A new home, close to home
Isabel de la Torre Roehl, '23 grew up in Caltech's backyard. She went to elementary school two blocks from the university. In fact, de la Torre Roehl was so familiar with campus that she was able to give unofficial tours to fellow freshmen when they first arrived.
So was Caltech always at the top of her list?
"Definitely not," says de la Torre Roehl, a chemistry major who is about to enter her senior year. She had plenty of reasons why:
She wanted to get away from home and explore another city.
She thought "all of the students on campus would be like Sheldon from ‘Big Bang Theory.'" In other words, endlessly wrapped up in science.
She didn't think she stood a chance of getting in.
But she applied, largely to get her parents off her case. Then she got in and came for an accepted-student event, where she found herself in a house watching "Legally Blonde"—not exactly what she expected. And while she was just 20 minutes from home, she knew the opportunities she found at Caltech would take her as far as she wanted to go.
"Caltech has a lot of really, really, really incredible resources," she says. "There's a lot of great connections to be made with professors, with graduate students and postdocs, and also with other undergraduates."
The saying is that Caltech is very competitive to get in, but once you're in, it's very collaborative.
Throughout her undergraduate career, de la Torre Roehl says she's found nothing but open doors waiting for her. When she was a freshman, she contacted a professor out of the blue looking for research opportunities. He immediately sent out an email blast to his research group, advertising de la Torre Roehl's availability.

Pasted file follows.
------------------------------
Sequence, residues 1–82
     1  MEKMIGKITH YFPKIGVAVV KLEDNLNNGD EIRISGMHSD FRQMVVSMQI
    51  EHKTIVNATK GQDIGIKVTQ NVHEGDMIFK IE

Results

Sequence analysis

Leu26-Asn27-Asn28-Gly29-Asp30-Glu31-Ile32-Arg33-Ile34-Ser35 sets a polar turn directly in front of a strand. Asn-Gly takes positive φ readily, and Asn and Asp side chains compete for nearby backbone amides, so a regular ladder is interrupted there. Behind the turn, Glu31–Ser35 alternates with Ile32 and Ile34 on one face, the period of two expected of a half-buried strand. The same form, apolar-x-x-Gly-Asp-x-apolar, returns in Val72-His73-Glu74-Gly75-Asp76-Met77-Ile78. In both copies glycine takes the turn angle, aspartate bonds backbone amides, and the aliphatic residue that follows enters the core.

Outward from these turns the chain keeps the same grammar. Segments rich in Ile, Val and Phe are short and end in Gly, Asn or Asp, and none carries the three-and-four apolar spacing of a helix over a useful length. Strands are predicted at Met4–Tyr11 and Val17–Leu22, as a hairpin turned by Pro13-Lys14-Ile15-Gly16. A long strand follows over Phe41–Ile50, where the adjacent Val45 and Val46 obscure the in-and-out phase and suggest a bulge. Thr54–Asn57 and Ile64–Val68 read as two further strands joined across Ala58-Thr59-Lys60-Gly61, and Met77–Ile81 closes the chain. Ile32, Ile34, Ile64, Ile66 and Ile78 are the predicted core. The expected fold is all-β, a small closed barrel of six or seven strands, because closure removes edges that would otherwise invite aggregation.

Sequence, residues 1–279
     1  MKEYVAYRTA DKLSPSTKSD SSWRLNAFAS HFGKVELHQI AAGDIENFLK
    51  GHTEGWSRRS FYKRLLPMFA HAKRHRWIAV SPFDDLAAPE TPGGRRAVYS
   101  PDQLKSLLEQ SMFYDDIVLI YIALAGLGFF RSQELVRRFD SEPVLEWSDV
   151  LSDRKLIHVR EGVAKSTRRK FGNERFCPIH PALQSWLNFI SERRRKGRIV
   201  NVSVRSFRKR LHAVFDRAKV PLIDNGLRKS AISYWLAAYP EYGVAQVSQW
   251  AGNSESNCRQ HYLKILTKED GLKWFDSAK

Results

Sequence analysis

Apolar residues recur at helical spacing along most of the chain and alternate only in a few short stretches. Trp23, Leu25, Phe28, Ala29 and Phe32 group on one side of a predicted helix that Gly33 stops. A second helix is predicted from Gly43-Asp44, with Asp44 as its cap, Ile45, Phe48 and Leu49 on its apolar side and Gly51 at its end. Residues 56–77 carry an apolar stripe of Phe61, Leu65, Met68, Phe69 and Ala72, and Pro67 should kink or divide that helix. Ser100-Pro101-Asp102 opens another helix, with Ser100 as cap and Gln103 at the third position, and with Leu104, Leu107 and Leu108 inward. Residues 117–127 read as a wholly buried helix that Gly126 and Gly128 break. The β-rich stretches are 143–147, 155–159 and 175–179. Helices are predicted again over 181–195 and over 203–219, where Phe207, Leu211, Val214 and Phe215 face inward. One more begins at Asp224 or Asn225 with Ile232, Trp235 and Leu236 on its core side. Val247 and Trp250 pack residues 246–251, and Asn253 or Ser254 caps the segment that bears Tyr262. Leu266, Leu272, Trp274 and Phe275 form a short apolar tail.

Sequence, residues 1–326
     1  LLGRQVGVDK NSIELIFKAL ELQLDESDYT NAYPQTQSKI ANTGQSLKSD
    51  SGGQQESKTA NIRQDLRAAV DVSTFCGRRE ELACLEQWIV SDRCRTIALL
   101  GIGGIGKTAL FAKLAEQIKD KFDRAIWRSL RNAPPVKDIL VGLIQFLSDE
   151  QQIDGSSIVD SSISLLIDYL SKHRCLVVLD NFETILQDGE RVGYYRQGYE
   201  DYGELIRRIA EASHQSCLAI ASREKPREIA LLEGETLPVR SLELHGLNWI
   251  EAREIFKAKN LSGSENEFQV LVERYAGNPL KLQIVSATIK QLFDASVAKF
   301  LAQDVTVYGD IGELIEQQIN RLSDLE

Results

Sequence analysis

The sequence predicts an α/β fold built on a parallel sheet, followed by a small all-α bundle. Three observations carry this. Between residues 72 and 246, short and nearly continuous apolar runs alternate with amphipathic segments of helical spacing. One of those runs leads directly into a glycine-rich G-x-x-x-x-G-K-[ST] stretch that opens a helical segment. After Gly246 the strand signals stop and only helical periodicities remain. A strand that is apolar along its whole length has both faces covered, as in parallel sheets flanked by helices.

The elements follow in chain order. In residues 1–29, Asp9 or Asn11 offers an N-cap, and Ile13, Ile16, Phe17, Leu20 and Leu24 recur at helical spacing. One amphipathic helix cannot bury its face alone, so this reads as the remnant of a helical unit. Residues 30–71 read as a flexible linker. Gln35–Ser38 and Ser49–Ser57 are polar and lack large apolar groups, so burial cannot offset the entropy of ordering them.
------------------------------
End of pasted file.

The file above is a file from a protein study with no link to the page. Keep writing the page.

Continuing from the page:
Ultimately, she connected with a postdoc who showed her how to do everything from finding and following procedures, to setting up reactions on her own, to using a fire extinguisher.
Now, she's ready to embark on her senior thesis, a project in which she'll look for ways to synthesize a chemical found in plants that has medicinal use. "That project is completely my own," she says. "And I'm able to do that because I was trained from start to finish."
De la Torre Roehl says her experience is fairly typical. Peers are willing to help her go over problem sets. Postdocs have offered to edit her resume before applying for an internship. Professors extend their contacts. "The saying is that Caltech is very competitive to get in," she says. "But once you're in, it's very collaborative."
The key to success, she says: Take the help. At a high-powered place like Caltech, it can feel like asking for help is an admission of defeat. De la Torre Roehl says she got over that when she realized that "the people who know the answers are the people who went to office hours."
"You don't need to know everything," she says. "But you need to be ready and willing to learn and find resources to get the help you need."
To incoming students, de la Torre Roehl offers a few pieces of advice. First, she says, find something to do that isn't work. For her, that's dance—a passion she pursues both with the Caltech Dance Club and a local ballet studio. (She also admits to binging trashy reality TV with friends, especially "The Bachelor" and "The Bachelorette.")
Most of all, though, she encourages them to jump into Caltech with both feet. "Be ready and willing to make connections and make the most of them," she says. "Because they are available to you. And that's how you're going to succeed, ultimately, at Caltech."